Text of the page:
4 Ways Your Brand Can Be A Good Citizen

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Linda Ong

Here on the West Coast, as we’re starting our fifth week of lockdown, the novelty is starting to wear off as we begin to accept a new normal.

In the early days of the quarantine, many of my industry colleagues found distraction by fiddling with ZOOM settings, re-engaging with their families and setting new routines. But as the epidemic approaches its peak in the weeks to come, the momentary diversion of new experiences is starting to fade and shifts in tone can be expected.

Reassuring and upbeat messaging will always have a place in the COVID-19 era. But if you’re like me, the constant stream of e-mails from brands still ready to serve me is starting to sour. Even the stream of well-intentioned pleas to support worthy charities is dulling the senses. Building customer relationships is important, but “it’s all just noise,” a client observed yesterday as I was fiddling with my ZOOM settings.

So, what’s a brand to do?

Ever since Simon Sinek published his pivotal business book “START WITH WHY” in 2009, companies have spent good energy and not a small sum of money to identify the very reason they exist. “Purpose-driven brands” sparked a cottage industry of consulting, books and speaking tours that coincided with the Millennial-fueled ethos of supporting brands whose values they shared.

While purpose-driven statements are still critical for aligning internal corporate culture with external culture and audiences, in these challenging times they can seem naïve and self-serving – even ripe for parody. If only HBO’S SILICON VALLEY could squeeze out one last season to riff on WEWORK’s now-infamous original mission: “To elevate the world’s consciousness.” Yeah, not so much.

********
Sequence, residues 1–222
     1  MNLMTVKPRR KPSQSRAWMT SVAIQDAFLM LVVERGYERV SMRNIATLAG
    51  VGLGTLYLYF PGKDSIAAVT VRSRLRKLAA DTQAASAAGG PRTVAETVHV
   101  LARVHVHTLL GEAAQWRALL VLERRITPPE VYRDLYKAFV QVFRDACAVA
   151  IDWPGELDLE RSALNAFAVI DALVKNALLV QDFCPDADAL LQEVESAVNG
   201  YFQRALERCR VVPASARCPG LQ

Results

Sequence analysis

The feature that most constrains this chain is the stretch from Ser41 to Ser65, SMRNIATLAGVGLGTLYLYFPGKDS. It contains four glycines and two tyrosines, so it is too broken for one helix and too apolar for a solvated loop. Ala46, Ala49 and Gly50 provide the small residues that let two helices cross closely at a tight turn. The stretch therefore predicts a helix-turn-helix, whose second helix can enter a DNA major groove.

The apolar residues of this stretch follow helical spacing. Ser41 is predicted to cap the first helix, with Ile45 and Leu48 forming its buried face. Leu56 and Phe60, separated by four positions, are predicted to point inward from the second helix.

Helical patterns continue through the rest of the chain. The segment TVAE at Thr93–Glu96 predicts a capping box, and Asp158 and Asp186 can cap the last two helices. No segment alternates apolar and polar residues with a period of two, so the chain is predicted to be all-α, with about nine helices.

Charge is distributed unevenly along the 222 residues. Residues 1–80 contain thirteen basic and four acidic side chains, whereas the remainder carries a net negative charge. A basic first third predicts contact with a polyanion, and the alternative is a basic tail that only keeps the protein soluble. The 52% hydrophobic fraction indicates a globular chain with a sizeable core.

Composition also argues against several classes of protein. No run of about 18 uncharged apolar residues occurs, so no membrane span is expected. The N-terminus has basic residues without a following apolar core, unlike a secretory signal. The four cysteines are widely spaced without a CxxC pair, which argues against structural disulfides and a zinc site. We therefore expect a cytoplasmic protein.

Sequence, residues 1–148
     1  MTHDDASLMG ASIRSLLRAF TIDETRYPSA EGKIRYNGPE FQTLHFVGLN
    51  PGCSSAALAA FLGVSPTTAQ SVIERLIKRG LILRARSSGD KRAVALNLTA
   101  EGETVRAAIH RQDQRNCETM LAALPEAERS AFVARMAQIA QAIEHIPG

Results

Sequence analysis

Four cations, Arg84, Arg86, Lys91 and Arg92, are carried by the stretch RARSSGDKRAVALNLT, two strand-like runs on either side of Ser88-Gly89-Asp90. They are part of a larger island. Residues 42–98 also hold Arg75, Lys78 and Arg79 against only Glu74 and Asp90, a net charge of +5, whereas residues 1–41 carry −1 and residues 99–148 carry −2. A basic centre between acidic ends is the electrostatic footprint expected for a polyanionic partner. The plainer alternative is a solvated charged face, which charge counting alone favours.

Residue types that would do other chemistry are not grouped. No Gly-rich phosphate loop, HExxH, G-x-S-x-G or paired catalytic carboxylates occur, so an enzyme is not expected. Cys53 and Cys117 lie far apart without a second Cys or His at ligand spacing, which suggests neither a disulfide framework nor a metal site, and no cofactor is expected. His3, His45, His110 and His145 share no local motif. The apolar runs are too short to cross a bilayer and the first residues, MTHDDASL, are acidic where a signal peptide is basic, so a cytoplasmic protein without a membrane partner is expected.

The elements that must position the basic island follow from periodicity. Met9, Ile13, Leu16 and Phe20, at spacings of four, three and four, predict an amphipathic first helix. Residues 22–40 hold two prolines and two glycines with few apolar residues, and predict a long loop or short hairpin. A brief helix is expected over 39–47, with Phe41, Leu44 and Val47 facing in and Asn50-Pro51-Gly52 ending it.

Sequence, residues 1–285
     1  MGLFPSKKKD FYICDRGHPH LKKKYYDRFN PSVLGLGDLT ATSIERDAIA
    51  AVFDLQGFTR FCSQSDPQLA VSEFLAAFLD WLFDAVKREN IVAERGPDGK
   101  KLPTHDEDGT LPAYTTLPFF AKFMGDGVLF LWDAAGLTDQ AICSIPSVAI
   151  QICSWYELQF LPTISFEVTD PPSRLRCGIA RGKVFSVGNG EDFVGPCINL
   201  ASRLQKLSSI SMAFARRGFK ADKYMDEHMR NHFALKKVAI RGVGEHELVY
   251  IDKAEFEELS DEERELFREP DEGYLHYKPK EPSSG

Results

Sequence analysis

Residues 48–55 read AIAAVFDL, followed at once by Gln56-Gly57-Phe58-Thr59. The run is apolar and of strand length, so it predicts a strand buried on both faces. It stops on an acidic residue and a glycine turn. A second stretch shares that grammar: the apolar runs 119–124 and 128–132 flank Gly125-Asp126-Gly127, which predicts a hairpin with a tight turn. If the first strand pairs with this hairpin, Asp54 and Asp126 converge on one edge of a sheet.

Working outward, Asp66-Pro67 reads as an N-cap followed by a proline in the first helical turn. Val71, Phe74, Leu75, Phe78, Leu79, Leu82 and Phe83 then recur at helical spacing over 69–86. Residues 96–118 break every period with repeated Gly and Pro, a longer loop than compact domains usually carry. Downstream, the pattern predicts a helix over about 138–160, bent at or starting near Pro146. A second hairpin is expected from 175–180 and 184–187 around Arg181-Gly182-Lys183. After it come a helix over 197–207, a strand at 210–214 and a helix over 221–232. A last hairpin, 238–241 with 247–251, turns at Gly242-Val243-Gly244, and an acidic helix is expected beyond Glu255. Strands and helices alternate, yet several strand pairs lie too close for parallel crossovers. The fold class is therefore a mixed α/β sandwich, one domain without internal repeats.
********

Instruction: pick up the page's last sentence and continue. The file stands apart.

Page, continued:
Today, when people lack faith in government and other establishments, consumers increasingly depend on non-traditional and new ways to fill the voids of critical infrastructure and information. Culture now looks to brands to intervene on their behalf, by stepping up to address a higher need: one of selflessness. Today, brands need to be good citizens.

Here are four ways brands are activating their citizenship in the COVID-19 era:

Help Society: Reorient your business to address the challenge at hand, without regard to profit

Some of the first brands to recognize their civic responsibilities recognized their existing skillsets and physical infrastructures could be refitted to produce much-needed ventilators and personal protection equipment (PPE). Those early responders like FORD and HANES have now inspired scores of others to reassess the deployment of their labor and physical inventories for the common good. From TITO’S converting their output from vodka to hand sanitizer (inspired by an early meme) to the NEW ENGLAND PATRIOTS using their private plane to pick up N95 masks in China, every brand should ask its team: What can we do with what we have?

Direct Customers To Take Action: Suggest ways for consumers to address the crisis through the lens of your brand